|The 31-year-old pregnant woman has recovered from COVID-19 after receiving assistance from Vietnamese doctors. — Photo Vietnamplus|
HÀ NỘI — In early May, 18 leading Vietnamese medical experts were sent to Laos’ healthcare facilities to aid the neighbouring country in the fight against COVID-19.
The team has completed its mission and has returned to Việt Nam after treating many COVID-19 patients in Laos.
In April, Laos witnessed the resurgence of COVID-19 community cases after a year without reporting any new cases. The infections started from bars, karaoke venues, massage parlours and entertainment areas and spread to markets, offices and public areas.
It was 8.30pm on May 13. When Vietnamese medical experts working in Laos were having dinner, they received a call reporting an emergency case of a 21-weeks pregnant woman who had suffered severe respiratory failure and tested positive for the coronavirus.
Immediately a team of five Vietnamese doctors and experts headed to Pholthong Hospital in Champasak Province.
Dr Nguyễn Tú Anh from the Intensive Care Unit of Việt Nam’s Bạch Mai Hospital said: "The young pregnant woman was gradually getting weak. Her eyes were full of fear and anxiety.”
The 31-year-old woman was very weak as she was suffering from respiratory failure with shortness of breath and decreasing level of oxygen concentration in the blood. The level was acceptable for the mother, but was affecting the fetus, she said.
Upon arriving at the hospital, Vietnamese intensive care and emergency doctors consulted with Lao doctors to come up a plan to save the fetus.
Dr Anh said" “If the case had been in Việt Nam, everything would have been easier. But the patient was sent to a district-level hospital without a specialised intensive care and emergency department.”
The Pholthong Hospital is in charge of receiving asymptomatic COVID-19 patients so it lacks medical equipment and human resources for emergency and intensive care. Techniques like dialysis and mechanical ventilation cannot be performed, she said.
Without assisting machines, the doctors had to use a non-invasive ventilator from a military hospital located 40km from Pholthong Hospital, she said.
Luckily, the pregnant woman responded well to the ventilator.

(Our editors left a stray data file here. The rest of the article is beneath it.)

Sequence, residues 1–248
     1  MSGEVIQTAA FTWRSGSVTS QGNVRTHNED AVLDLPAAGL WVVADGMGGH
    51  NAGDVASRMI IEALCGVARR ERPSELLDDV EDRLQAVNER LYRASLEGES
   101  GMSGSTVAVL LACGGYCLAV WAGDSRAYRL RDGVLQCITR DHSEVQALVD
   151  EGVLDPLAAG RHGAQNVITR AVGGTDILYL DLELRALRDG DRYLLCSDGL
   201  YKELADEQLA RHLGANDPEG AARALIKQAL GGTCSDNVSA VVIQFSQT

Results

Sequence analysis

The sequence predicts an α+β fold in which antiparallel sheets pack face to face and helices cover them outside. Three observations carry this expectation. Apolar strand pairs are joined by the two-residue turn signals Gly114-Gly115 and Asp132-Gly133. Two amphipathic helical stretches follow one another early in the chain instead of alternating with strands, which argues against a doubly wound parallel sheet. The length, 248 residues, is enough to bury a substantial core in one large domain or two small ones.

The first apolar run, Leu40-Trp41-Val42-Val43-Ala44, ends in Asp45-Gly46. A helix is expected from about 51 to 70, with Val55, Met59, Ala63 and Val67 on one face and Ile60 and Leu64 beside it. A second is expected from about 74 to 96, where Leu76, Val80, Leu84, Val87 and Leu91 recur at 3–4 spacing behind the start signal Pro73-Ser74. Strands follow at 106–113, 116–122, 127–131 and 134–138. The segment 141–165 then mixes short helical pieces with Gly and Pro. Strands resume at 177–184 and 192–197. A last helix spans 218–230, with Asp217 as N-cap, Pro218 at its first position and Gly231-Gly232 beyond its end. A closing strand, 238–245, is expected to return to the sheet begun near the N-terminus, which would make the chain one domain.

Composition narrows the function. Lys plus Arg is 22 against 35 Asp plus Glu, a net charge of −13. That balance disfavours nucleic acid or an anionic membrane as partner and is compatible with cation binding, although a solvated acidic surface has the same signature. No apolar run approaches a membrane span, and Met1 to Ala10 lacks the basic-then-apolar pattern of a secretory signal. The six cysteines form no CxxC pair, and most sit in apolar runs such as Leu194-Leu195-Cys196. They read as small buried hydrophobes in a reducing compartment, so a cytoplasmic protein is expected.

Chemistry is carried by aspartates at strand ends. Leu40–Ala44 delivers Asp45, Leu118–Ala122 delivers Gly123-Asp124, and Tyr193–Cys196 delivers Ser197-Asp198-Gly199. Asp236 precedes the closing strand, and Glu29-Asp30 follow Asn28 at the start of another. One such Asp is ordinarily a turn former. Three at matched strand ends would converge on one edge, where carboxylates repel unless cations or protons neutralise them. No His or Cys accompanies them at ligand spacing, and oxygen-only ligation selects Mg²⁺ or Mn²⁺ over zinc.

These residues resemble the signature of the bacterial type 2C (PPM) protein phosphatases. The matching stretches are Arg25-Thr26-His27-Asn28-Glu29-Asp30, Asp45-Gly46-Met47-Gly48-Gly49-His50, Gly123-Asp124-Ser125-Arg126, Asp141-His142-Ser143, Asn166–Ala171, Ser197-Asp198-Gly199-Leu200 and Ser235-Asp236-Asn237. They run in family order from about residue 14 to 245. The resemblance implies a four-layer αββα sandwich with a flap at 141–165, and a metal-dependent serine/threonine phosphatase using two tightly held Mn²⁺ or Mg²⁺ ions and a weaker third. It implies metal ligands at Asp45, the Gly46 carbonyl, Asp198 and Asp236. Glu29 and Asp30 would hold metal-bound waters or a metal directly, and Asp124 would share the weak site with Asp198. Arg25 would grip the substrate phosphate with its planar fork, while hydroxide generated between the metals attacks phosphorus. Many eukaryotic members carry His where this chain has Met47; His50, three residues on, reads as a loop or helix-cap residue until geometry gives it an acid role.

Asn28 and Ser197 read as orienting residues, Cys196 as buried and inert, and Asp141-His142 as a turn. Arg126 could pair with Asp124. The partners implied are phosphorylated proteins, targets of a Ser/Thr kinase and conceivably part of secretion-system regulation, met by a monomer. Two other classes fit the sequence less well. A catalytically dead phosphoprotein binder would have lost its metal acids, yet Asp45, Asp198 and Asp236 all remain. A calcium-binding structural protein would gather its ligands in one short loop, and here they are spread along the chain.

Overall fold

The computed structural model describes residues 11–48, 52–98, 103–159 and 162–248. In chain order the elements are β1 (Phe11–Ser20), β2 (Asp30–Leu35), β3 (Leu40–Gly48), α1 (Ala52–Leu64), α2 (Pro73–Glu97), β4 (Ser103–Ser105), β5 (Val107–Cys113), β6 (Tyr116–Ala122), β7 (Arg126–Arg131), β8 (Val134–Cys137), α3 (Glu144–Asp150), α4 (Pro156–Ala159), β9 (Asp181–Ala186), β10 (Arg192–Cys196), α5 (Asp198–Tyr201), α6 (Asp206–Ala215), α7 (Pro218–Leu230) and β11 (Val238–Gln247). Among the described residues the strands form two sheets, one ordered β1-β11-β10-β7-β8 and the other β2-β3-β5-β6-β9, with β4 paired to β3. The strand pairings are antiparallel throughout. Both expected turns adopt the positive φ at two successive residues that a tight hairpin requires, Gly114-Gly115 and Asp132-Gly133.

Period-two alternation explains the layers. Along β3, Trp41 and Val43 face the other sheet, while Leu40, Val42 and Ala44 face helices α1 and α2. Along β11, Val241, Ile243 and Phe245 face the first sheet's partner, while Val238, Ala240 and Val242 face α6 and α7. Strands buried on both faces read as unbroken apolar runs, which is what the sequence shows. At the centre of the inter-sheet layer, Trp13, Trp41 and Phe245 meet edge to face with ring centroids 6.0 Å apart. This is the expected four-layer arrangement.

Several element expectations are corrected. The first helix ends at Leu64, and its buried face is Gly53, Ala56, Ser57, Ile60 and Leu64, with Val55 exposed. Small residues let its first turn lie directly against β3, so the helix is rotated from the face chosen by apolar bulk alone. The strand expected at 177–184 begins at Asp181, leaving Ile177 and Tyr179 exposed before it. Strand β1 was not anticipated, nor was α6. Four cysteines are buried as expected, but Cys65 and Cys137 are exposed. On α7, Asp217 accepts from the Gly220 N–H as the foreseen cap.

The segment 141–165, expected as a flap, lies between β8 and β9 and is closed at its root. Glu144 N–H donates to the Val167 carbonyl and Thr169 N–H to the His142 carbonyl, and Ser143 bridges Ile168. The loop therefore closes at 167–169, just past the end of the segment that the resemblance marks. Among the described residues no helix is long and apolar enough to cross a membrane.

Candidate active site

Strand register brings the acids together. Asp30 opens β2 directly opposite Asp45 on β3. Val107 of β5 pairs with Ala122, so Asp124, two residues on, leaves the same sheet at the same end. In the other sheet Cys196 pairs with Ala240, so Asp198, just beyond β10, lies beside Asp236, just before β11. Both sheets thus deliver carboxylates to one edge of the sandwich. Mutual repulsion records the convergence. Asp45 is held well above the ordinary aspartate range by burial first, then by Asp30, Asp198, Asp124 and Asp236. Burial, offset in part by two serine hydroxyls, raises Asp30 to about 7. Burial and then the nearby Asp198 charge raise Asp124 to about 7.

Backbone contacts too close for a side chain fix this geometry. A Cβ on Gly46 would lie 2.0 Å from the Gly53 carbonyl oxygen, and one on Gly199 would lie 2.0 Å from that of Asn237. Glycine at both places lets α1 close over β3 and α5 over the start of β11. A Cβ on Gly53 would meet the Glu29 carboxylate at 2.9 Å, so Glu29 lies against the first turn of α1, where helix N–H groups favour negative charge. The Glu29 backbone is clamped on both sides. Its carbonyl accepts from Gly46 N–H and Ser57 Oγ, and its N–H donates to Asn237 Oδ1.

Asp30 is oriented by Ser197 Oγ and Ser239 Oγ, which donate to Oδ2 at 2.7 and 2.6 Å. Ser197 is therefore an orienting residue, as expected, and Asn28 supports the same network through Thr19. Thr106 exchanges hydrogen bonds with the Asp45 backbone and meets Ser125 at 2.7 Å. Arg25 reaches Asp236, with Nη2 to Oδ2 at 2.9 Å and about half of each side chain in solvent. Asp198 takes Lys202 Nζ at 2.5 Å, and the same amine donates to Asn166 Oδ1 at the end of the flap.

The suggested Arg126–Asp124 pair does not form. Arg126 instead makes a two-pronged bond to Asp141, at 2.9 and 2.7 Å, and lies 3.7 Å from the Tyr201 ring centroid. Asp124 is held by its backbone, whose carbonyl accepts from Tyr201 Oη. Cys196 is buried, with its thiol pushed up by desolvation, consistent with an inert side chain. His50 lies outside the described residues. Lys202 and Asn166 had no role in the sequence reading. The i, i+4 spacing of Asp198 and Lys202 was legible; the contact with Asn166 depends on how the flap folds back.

Also on May 13, the Pholthong Hospital received a male COVID-19 patient with lung damage. After an examination and an X-ray screening, the patient was given nasal oxygen.
Days after that, Lao and Vietnamese experts exchanged screenshots of parameters on oxygen ventilators and X-ray results with each other to consult on treatment for the patients.
Three to four days after the emergency, the pregnant woman did not need the ventilator.
Both patients recovered from critical condition thanks to the help of Vietnamese doctors.
|Vietnamese and Lao doctors before a medical consultation at Pholthong Hospital. — Photo Vietnamplus|
“It was an indescribable feeling when we could save both mother and child. When the team finished our trip in Laos, during a 21-day quarantine period in Hà Tĩnh, we received news that the pregnant woman was in a good state of health and the male patient was discharged from the hospital,” Dr Vũ Tưởng Lân from the Emergency Centre of Bạch Mai Hospital, a member of the working group to Laos, said.
But the Vietnamese doctors weren't able to save every patient.
Dr Lân said: “That were two severe cases we received when we were packing our luggage to leave Laos.”
One patient showed signs of limb necrosis, a complication of COVID-19, so the doctors and nurses unloaded their luggage and put on protective suits to hold a medical consultation, he said.
“Unfortunately, this patient's case was difficult to intervene in because the hospital's equipment and human resources were limited. We couldn't deploy advanced techniques and we felt very sorry for that,” he said.
Dr Vương Ánh Dương, deputy director of the Department of Medical Examination and Treatment under the Ministry of Health, led the delegation of Vietnamese medical experts in Laos. He said the team members were experienced doctors and nurses of leading hospitals who worked in Việt Nam’s COVID hotspots.
“Our team of 18 people worked in different fields and different units and even didn't know each other before. We only got to know each other during a trip of hundreds of kilometres to Laos,” he said.
The team visited and inspected COVID prevention and control at two central hospitals, two military hospitals, three provincial general and specialised hospitals, testing centres, quarantine sites, villages with high infection risks and other district-level and field hospitals in Laos.
Vietnamese experts joined consultations and treated some severe local cases. They also organised training seminars to share treatment and infection control experience.
“We tried to propose recommendations relevant to Laos’ existing conditions. To deal with dangerous new variants such as those from the UK and India, the Vietnamese team proposed to their Lao colleagues the appropriate period between testing times to avoid a situation in which patients test positive after 14 days of quarantine,” Dr Dương said.
They also proposed Laos prepare a scenario to respond to different levels of the pandemic in accordance with political, economic, social conditions and health response capacity in each region, and set up a team of experts to assist the National Steering Committee on COVID to collect accurate, complete and reliable multi-disciplinary information for decision-making purpose and community interventions. — VNS